I dont' understand how that case was won. Even following the exact same recipe, the cheese, or any other product, would vary unless all other conditions were equal, including the milk, the water, the atmospheric pressure. Surprising.

Dec 04, 2012
Savorytart in Cheese

Why is amercan artisanal cheese so pricy

After being given a substantial lesson by cheesemaestro, I should thank that a very humble, "thank you," was the most you should reply. Question for you: Do you seek artisanal cheese because you enjoy eating it, or because it is "artisanal." And, you are in Austin. A city with great food resources, including artisanal cheese. It sounds as though you wish to be in Europe with your collegeagues. Seriously.

One of the finest, no, THE finest, goat cheeses I've ever eaten came from Dripping Springs.

Additionally, a cheesemaker who wishes to purchase very fine milk is also going to pay the dairy farmer a significantly better price than that farmer would ordinarily receive.

One more point: Retailers are well aware of the pricing snobbery so rampant in the U.S. If the price isn't high enough, it must not be good, right? No such thing as a very good bottle of wine for under $8.00, sort of mentality.

Dec 04, 2012
Savorytart in Cheese

Why Unsalted Butter?

As I posted in another forum this evening about unsalted butter, I don't want this to appear as though it is spam, but I was so dismayed when at the supermarket tonight when I saw that all of the Kate's Homemade Butter - salted was gone, and all of the "unsalted," remained. People are missing out on what may be the best better in the world, and it is made in Maine.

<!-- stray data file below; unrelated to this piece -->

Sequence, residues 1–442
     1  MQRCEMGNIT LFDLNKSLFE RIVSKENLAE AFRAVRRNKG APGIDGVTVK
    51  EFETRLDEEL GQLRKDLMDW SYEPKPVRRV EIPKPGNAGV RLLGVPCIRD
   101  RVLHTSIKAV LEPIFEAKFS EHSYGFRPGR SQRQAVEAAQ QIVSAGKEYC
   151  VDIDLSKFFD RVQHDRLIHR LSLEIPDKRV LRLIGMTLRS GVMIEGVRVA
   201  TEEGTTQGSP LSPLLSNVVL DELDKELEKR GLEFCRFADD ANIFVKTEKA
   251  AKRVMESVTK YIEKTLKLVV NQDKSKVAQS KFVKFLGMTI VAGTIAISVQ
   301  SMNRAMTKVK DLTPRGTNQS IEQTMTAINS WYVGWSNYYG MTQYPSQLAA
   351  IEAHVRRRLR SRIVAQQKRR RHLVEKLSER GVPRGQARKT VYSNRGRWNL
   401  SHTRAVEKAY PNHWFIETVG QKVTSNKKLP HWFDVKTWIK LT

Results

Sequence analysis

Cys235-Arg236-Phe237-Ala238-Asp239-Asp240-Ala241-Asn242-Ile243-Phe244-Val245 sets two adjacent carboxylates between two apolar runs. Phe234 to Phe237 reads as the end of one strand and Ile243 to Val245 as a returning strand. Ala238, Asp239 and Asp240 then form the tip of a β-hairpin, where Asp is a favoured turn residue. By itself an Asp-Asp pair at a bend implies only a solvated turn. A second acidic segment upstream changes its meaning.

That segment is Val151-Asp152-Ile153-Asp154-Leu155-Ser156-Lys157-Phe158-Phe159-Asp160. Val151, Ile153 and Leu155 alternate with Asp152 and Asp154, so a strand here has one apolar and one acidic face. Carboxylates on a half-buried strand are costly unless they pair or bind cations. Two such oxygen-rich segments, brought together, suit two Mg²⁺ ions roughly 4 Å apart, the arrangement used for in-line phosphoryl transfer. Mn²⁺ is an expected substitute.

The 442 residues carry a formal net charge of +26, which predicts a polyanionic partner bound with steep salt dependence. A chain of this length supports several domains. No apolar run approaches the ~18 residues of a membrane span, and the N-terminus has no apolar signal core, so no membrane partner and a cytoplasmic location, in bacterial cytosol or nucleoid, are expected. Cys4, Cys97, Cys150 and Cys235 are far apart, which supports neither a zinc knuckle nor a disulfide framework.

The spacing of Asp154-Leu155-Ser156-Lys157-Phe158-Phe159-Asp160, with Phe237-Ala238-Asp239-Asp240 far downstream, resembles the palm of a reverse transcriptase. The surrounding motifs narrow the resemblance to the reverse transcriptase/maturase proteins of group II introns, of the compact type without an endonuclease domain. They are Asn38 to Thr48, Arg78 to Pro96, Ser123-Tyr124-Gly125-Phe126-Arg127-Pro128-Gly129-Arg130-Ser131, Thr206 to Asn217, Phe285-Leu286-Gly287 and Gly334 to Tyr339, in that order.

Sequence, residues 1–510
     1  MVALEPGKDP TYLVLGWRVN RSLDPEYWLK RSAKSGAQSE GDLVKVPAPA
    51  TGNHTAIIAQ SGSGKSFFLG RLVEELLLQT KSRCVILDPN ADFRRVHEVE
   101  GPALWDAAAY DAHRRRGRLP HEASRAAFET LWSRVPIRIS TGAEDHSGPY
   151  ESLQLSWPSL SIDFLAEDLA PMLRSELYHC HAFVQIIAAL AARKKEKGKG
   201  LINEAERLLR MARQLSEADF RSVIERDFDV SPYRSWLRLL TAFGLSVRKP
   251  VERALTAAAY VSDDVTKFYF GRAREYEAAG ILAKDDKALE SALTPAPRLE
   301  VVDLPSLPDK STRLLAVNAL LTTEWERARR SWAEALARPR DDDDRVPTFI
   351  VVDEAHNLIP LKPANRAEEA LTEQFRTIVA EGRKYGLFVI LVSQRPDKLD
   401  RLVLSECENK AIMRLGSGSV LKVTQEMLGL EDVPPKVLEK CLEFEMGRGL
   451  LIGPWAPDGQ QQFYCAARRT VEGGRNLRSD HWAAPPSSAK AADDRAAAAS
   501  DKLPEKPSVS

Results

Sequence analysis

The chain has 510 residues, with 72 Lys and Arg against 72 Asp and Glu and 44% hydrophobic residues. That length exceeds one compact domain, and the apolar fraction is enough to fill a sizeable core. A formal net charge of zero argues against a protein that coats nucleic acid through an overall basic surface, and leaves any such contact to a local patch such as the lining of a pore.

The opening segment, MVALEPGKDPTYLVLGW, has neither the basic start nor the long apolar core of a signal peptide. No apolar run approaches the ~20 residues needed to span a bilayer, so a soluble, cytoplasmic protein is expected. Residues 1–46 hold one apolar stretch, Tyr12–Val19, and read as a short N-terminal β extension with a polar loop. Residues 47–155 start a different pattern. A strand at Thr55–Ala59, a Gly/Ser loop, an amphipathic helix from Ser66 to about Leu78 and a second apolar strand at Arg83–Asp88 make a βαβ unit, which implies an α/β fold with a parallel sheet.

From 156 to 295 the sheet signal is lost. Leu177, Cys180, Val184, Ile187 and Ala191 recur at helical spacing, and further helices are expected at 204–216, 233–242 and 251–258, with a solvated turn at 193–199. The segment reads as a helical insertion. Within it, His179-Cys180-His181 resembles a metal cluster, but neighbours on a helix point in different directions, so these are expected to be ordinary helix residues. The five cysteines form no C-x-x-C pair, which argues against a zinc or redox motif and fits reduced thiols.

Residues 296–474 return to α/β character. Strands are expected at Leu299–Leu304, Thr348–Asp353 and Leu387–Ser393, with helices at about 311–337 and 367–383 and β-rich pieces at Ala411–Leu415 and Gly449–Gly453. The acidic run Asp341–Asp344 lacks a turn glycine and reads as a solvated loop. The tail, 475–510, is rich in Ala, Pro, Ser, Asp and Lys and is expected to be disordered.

When dining out, there is often Land O' Lakes on the table. I can't tolerate the taste now that I know what true, unadulterated, sweet cream butter tastes like. You don't need to "go Euro" to get fantastic butter. Aren't you glad? I am. I'll never go back.

Aug 07, 2012
Savorytart in Home Cooking

Salted vs unsalted butter?

Compared to cultured butter, of course. It has a tang. But you must not have tried, as of your writing, Kate's Homemade Unsalted Butter - made in Maine. It is hard to refrain from eating the unsalted butter as a dessert, which, of course, many people have done.

Unsalted butter is also known as "sweet cream" butter. Cultured butter has either bacterial culture added to it, or is allowed to clabber naturally, which produces the tangy flavor. They are entirely different styles of butter.

The cultured butter would have a stronger taste in a recipe. But as to amounts of salt included in a recipe, I haven't found it to make a difference.